237 minutes | Jun 11, 2021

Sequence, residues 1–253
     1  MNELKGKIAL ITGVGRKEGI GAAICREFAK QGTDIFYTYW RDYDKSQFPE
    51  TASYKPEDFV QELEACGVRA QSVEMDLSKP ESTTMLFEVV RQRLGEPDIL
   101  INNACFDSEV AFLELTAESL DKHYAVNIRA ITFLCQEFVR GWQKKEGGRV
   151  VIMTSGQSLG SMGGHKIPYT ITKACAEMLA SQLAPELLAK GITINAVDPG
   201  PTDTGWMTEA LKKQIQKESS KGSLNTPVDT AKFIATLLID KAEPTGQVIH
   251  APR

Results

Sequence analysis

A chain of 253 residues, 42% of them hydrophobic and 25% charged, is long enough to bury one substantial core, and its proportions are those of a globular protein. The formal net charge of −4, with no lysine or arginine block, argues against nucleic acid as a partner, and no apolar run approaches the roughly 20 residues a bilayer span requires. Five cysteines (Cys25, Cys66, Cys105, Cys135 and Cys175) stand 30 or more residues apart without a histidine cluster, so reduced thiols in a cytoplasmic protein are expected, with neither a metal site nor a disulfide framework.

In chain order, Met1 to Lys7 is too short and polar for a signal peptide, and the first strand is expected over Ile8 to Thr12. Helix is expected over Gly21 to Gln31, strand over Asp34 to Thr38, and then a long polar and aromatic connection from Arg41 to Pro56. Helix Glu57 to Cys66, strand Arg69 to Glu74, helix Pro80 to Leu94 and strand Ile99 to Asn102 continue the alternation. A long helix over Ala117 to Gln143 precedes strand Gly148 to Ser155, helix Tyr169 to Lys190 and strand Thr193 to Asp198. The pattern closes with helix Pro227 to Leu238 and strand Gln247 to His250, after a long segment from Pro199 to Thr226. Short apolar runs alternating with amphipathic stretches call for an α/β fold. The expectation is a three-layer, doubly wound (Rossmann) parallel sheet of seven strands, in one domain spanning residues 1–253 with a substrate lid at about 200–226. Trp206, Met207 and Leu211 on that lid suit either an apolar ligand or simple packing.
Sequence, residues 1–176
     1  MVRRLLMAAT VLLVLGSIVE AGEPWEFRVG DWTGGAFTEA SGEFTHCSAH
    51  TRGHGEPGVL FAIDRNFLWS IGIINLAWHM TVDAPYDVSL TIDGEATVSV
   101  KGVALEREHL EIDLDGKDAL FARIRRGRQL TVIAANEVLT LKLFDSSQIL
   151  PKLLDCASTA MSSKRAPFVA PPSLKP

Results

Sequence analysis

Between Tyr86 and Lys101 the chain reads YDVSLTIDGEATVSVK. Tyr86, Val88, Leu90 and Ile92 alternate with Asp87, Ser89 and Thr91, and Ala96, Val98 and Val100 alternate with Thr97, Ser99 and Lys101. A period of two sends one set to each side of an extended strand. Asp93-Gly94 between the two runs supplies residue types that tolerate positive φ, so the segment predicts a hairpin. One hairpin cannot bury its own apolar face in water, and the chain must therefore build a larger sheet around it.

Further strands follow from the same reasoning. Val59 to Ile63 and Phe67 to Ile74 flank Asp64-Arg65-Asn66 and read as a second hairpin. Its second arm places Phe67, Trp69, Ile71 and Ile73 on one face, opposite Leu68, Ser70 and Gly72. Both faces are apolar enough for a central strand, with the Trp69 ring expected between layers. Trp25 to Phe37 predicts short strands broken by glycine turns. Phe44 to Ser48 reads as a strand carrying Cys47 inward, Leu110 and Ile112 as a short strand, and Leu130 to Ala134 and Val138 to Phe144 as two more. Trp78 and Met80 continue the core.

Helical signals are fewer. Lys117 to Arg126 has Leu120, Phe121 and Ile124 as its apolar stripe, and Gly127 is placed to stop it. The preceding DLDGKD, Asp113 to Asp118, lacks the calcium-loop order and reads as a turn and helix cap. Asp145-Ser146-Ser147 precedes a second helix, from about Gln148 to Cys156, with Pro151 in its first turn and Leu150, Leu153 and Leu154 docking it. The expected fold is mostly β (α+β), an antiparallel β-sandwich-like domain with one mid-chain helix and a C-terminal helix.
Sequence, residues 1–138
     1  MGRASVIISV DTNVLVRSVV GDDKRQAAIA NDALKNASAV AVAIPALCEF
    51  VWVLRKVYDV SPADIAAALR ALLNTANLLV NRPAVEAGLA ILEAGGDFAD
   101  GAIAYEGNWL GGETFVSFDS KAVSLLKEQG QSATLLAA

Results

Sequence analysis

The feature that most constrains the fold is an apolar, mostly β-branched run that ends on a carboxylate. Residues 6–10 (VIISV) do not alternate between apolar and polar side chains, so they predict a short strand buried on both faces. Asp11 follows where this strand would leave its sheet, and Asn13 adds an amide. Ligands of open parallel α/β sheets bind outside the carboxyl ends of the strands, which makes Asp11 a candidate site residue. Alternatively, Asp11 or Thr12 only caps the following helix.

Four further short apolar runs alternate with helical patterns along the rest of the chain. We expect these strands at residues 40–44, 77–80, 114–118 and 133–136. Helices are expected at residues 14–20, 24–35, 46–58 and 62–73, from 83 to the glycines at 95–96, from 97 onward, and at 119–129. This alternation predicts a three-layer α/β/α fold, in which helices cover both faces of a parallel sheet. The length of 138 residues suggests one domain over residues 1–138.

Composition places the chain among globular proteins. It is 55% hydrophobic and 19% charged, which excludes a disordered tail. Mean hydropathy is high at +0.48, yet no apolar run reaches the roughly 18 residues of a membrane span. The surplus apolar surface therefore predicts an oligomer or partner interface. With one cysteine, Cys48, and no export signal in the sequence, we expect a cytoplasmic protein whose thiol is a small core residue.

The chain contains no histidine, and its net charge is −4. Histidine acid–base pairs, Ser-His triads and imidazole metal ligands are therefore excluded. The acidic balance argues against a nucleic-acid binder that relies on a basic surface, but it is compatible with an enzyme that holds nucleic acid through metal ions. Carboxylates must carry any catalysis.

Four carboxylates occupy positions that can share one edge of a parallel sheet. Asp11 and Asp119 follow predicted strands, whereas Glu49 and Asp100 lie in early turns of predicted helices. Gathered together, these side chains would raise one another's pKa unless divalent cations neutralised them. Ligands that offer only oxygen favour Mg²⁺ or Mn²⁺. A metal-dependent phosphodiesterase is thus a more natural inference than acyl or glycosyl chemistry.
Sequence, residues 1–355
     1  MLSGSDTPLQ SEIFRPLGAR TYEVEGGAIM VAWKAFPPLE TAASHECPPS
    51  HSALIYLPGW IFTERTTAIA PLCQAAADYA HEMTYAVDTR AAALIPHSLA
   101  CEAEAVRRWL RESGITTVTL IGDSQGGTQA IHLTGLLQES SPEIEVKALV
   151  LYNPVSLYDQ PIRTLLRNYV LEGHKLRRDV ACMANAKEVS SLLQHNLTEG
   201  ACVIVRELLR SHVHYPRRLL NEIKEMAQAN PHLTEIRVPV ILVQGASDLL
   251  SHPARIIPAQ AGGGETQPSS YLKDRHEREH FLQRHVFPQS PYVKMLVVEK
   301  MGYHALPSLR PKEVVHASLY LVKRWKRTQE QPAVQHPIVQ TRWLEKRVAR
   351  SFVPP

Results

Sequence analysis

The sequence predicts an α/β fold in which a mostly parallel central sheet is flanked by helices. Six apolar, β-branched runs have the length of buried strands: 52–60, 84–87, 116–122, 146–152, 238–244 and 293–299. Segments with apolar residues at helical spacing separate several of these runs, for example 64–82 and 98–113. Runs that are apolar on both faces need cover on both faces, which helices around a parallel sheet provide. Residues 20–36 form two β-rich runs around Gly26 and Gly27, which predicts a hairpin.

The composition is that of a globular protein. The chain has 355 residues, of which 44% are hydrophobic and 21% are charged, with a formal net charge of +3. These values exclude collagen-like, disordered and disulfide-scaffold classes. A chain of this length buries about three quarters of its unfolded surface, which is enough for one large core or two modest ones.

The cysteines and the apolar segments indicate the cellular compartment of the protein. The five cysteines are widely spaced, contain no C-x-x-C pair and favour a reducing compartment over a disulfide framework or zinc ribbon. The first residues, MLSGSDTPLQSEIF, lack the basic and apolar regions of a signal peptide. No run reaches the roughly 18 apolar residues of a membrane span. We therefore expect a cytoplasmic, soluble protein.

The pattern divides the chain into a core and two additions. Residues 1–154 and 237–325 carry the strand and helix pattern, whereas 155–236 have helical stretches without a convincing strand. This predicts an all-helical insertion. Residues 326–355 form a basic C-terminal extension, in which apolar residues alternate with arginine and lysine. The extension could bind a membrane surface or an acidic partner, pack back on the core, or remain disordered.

#102 – Tom Moynihan on why prior generations missed some of the biggest priorities of all